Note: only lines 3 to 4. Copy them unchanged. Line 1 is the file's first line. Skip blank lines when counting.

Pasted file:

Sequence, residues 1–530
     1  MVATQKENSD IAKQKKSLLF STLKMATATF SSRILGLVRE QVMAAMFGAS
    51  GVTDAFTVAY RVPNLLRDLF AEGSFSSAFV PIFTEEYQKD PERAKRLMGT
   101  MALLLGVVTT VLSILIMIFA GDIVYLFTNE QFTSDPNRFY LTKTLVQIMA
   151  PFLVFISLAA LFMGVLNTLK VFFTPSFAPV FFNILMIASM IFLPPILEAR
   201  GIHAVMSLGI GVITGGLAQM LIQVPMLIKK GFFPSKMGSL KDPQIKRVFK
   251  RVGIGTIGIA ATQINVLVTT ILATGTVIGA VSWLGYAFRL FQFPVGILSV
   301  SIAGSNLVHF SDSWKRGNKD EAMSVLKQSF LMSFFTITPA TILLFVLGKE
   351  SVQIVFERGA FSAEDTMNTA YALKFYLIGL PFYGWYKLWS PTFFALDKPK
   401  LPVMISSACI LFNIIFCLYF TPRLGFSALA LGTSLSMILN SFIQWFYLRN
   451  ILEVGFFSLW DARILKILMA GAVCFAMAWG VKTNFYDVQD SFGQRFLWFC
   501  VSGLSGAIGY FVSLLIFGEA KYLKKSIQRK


    51  GVTDAFTVAY RVPNLLRDLF AEGSFSSAFV PIFTEEYQKD PERAKRLMGT
   101  MALLLGVVTT VLSILIMIFA GDIVYLFTNE QFTSDPNRFY LTKTLVQIMA